Thursday, January 23, 1947
Some Liquor Costs
December 5 was the thirteenth anniversary of the repeal of the prohibition of the manufacture and sale of alcoholic liquors in the United States. On that date, the New York Times published some figures which, with the use of a little imagination, reveal something of what the cost has been to the nation.
“In the years since prohibition was voted out,” says the Times report, “the country has consumed more than 1,800,000,000 gallons of liquor, more than 1,000,000,000 gallons of wine and over 21,700,000,000 gallons of beer. And almost $60,000,000,000 – roughly equivalent to one third of this year’s entire national income from wages, rents, investments and other sources…”
These figures reveal only the financial cost of the production and consumption of liquor. Only in imagination can one compute what the cost has been in human sorrow and wreckage – broken lives, broken homes, poverty, sorrow, crime, diseased brains and bodies, destroyed talents, blasted hopes, preventable deaths and all the rest of the misery and destruction that follow in the trail of strong drink. – Christian Observer
A couple of well meaning town sportsmen put one all over Fred Galford the other day in the matter of some bear tracks. The men had come up Williams River and at the mouth of Tea Creek there were tracks which looked to them like a big bear and a small bear had come off Black Mountain to putter around the mouth of the creek, and then go back again. They went out of their way to carry the word to Mr. Galford, the bear hunter.
He called off his job of timber cutting for the next day, and before daylight he was at the sign with his bear dogs. There was nothing doing – merely dog tracks, by gravy! A big dog and a smaller dog had come off Black Mountain and went back again in the soft snow, and the melting snow did enlarge the tracks.
It was a day off for Mr. Galford anyhow, so he took his dogs round into the bear woods in the big country about the head of Tea Creek. There was no signs any bears had been moving since they holed up before Christmas. He did bring back the encouraging news that grouse were decidedly more plentiful now than last year at this time.
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Last week word came that a medium sized bear had crossed the road near the old barroom on the south of the Alleghany, above Mt. Grove, headed north. It was as good a guess as any the bear might be making for the Harper Rocks to hole up for the short end of the winter now remaining. However, he did not house at these good denning places. About eight miles from where the bear crossed the road, at the Chestnut Level, he got back into Virginia, where the likes of him are protected by a closed season.
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During Christmas week Austin and Oscar Sharp killed an old bear and two smaller ones on Little Black Mountain.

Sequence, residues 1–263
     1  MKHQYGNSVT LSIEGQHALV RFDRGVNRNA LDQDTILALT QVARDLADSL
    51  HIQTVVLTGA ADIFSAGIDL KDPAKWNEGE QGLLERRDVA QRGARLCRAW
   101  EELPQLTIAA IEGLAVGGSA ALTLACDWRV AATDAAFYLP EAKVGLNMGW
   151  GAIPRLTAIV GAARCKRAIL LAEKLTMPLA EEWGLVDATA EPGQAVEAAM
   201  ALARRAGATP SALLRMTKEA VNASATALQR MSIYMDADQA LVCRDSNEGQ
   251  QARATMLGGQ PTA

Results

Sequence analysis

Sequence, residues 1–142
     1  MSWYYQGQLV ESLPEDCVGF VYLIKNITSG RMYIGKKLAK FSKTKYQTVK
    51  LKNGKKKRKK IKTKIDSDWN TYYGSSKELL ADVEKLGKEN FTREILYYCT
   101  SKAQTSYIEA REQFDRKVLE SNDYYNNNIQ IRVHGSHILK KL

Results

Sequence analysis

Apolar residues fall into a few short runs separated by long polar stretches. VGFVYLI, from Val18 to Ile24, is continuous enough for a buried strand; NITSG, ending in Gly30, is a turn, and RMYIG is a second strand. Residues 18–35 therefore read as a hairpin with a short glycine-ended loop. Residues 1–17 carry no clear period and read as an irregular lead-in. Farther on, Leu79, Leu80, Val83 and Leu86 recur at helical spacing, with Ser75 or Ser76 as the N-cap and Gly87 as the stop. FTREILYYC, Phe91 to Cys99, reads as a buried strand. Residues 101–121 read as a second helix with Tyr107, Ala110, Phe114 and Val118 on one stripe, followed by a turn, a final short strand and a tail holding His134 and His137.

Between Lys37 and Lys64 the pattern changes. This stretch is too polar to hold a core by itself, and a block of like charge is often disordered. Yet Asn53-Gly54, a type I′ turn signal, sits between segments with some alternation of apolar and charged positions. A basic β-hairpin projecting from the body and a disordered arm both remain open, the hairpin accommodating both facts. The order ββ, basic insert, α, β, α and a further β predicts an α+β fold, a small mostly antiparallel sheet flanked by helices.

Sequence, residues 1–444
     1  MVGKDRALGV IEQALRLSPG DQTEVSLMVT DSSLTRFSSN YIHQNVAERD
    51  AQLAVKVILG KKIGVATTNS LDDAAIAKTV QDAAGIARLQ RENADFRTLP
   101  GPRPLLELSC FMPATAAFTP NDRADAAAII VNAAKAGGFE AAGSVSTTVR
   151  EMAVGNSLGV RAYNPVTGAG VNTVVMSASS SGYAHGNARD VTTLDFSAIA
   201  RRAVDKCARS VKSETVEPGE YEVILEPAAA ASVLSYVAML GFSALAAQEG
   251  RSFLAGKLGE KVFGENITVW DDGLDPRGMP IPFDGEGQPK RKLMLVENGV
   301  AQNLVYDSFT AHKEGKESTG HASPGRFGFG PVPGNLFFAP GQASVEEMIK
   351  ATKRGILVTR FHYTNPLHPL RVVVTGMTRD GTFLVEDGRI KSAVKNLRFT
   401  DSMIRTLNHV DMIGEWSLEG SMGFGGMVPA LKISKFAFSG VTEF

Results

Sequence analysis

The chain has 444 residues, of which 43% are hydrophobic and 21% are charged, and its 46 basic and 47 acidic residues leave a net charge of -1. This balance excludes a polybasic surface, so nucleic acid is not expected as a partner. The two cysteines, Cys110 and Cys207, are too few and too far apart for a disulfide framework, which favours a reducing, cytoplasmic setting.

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Boude Beverage was over from Dry Creek Thursday, to report the killing of four red foxes in his neighborhood last week. Mrs. Dan Beverage caught one of these foxes in a steel trap.
Mr. and Mrs. Ira Hannah, of Marlinton, announce the marriage of their daughter, Rebecca Sue Hannah, to Melvin Dale Hollandsworth, son of Mr. and Mrs. Charles Hollandsworth, of Hillsboro.
The ceremony was performed at the home of the bride on Thursday evening, January 16, 1947, at five o’clock, with Rev. Roger Melton, pastor of the Marlinton Presbyterian Church officiating…
The groom received his honorable discharge from the United States Navy after serving four years in the Pacific area.
January 16 was the bride’s birthday and her parents’ wedding anniversary…
Born to Mr. and Mrs. Reid Davis, at Huntington, a son. Mrs. Davis is the former Miss Mary Richardson.
Born to Mr. and Mrs. Manuel McNeill, of Hampton, Virginia, a son named Jackie Lynn McNeill.
Mrs. Annie Duncan Hill, aged 67 years, wife of R. W. Hill, of Dunmore, died Sunday morning, January 19, 1947. On Tuesday her body was laid in the Cochran Cemetery on Stony Creek, the funeral being held from West Union church by Rev. R. J. Skaggs. The deceased is the daughter of the late James and Mary Ann Wilson Duncan. She is survived by her husband and seven children, Neva, Mary, Arlene, Osborne, LeRoy, Tempest and Dale…
John Melvin Grogg, aged 79 years, of Cass, died at his home January 17, 1947. On Monday afternoon the funeral service was held from the Arbovale Church by his pastor, Rev. Quade R. Arbogast with interment in the Arbovale cemetery. The deceased is survived by two children, William, of Akron, Ohio, and Hazel, at home.
Mrs. Ella Stone Ryder, aged 73, widow of the late Daniel Ryder, died at the home of her son, Arlie Ryder, at Boyer Saturday, December 28, 1946. Her body was laid to rest in the Boyer cemetery Tuesday, the funeral being conducted from the Kerr Memorial Church… The deceased was the daughter of the late Dan and Eliza Stone. Mrs. Ryder spent all the years of her life and reared a family of eight children within a stone’s throw of her birthplace.